Arabian Journal for Science and Engineering

, Volume 37, Issue 1, pp 101–114 | Cite as

Assessment of Urban Sprawl of Islamabad Metropolitan Area Using Multi-Sensor and Multi-Temporal Satellite Data

  • Mohsin Jamil ButtEmail author
  • Ahmad Waqas
  • Muhammad Farooq Iqbal
  • Gul Muhammad
  • M. A. K. Lodhi
Research Article – Earth Sciences


The present research relates to the exploitation of remote sensing and geographic data to study the metropolitan expansion, land use patterns and land cover classification of Islamabad. The metropolitan development based on growth direction and expansion trends from the city centre was observed for a period of 38 years. Landsat satellite data from three sensors, that is, multi-spectral sensor, thematic mapper and enhanced thematic mapper plus, were used in this study. The classification of the complex spatial assemblage of urban environment and its expanding precincts was done using temporal data collected during the period 1972–2009 and geo-referenced to a common coordinate system. The information regarding agriculture farms, bare land, dense forest, mixed vegetation, shadowy regime, sparse residential areas, thickly populated areas and water bodies was extracted. The extent of urban conurbation growth was computed and analyzed. Our results show that the urban development is expanded by 87.31 km2. In addition, the urban growth is accompanied by the loss of forest and other natural habitat in the city and has influenced the spatial patterns and structure of urban development. It is concluded that the remote sensing and GIS techniques supplemented with census data are very efficient and effective for studying the metropolitan growth patterns.


Pakistan Islamabad Landsat Remote sensing GIS 


Unable to display preview. Download preview PDF.

Unable to display preview. Download preview PDF.


  1. 1.
    Tapiador F., Casanova J.L.: Land cover mapping methodology using remote sensing for the regional planning directives in Segovia, Spain. Landsc. Urban Plan 62, 103–115 (2003)CrossRefGoogle Scholar
  2. 2.
    Yang X.: Satellite monitoring of urban spatial growth in the Atlanta metropolitan area. Photogramm. Eng. Remote Sens 68, 725–734 (2002)Google Scholar
  3. 3.
    Madhavan B.B., Kubo S., Kurisaki N., Sivakumar N.: Appraising the anatomy and spatial growth of the Bangkok metropolitan area using a vegetation-impervious soil model through remote sensing. Int. J. Remote Sens 22, 789–806 (2001)CrossRefGoogle Scholar
  4. 4.
    Ridd M.K., Liu J.: A comparison of four algorithms for change detection in an urban environment—a remote sensing perspective. Remote Sens. Environ. 63, 95–100 (1998)CrossRefGoogle Scholar
  5. 5.
    Jensen, J.R.: Digital Change Detection. Introductory Digital Image Processing: A Remote Sensing Perspective, pp. 467–494. Prentice-Hall, New Jersey (2004)Google Scholar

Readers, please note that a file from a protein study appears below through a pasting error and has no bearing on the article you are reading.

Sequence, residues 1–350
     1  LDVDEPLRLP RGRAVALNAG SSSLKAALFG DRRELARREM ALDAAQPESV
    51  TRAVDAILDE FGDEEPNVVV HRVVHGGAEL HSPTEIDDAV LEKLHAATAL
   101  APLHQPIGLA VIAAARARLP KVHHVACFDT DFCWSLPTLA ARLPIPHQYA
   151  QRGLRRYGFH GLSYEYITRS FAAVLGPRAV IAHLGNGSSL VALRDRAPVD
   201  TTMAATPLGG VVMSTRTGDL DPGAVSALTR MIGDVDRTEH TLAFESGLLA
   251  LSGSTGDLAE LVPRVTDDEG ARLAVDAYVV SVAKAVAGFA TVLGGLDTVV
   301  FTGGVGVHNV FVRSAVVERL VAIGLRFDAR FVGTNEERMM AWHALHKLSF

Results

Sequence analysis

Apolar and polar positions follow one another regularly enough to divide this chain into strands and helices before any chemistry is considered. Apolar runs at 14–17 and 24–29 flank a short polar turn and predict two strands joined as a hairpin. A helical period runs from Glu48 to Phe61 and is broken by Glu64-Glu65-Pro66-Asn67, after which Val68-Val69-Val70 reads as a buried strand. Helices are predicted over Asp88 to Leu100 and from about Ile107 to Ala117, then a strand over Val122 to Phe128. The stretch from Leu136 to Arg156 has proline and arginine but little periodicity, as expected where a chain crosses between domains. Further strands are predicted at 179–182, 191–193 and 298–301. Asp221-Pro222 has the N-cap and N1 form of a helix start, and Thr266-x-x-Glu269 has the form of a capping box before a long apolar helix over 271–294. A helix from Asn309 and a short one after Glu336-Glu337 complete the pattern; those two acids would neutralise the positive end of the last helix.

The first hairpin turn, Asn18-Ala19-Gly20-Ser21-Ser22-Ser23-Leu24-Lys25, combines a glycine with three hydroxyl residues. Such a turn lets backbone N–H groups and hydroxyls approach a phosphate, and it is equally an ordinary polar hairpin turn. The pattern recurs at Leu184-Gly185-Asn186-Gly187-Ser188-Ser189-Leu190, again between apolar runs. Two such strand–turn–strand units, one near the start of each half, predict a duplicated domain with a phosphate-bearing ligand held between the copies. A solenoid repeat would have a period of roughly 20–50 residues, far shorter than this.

6. 6.
    Jensen, J.R.: Introductory Digital Image Processing: A Remote Sensing Perspective. Prentice Hall, Englewood Cliffs (1996)Google Scholar
  7. 7.
    Ehlers M., Jadkowski M.A., Howard R.R., Brostuen D.E.: Application of SPOT data for regional growth analysis and local planning. Photogramm. Eng. Remote Sens 56, 175–180 (1990)Google Scholar
  8. 8.
    Epstein J., Payne K., Kramer E.: Techniques for mapping suburban sprawl. Photogramm. Eng. Remote Sens 63, 913–918 (2002)Google Scholar
  9. 9.
    Treitz P.M., Howard P.J., Gong P.: Application of satellite and GIS technologies for land-cover and land-use mapping at the rural-urban fringe: a case study. Photogramm. Eng. Remote Sens. 58, 439–448 (1992)Google Scholar
  10. 10.
    Harris P.M., Ventura S.J.: The integration of geographic data with remotely sensed imagery to improve classification in an urban area. Photogramm. Eng. Remote Sens. 61, 993–998 (1995)Google Scholar
  11. 11.
    Sudhira H.S., Ramachandra T.V., Jagadish K.S.: Urban sprawl: metrics, dynamics and modeling using GIS. Int. J. Appl. Earth Obs. Geoinf. 5, 29–39 (2004)CrossRefGoogle Scholar
  12. 12.
    Yang X., Liu Z.: Use of satellite derived landscape imperviousness index to characterize urban spatial growth. Comput. Environ. Urban Syst. 29, 524–540 (2005)CrossRefGoogle Scholar
  13. 13.
    Haack B.N., Rafter A.: Urban growth analysis and modeling in the Kathmandu valley, Nepal. Habitat Int 30, 1056–1065 (2006)CrossRefGoogle Scholar
  14. 14.
    Kaya S., Curran P.J.: Monitoring urban growth on the European side of the Istanbul metropolitan area: a case study. Int. J. Appl. Earth Obs. Geoinf 8, 18–25 (2006)CrossRefGoogle Scholar
  15. 15.
    Weng Q.: A remote sensing-GIS evaluation of urban expansion and its impact on surface temperature in the Zhujiang Delta, China. Int. J. Remote Sens. 22, 1999–2014 (2001)Google Scholar
  16. 16.
    Bhattarai K., Conway D.: Urban vulnerabilities in the Kathmandu valley, Nepal: visualizations of human/hazard interactions. J. Geogr. Inf. Syst. 2, 63–84 (2010)Google Scholar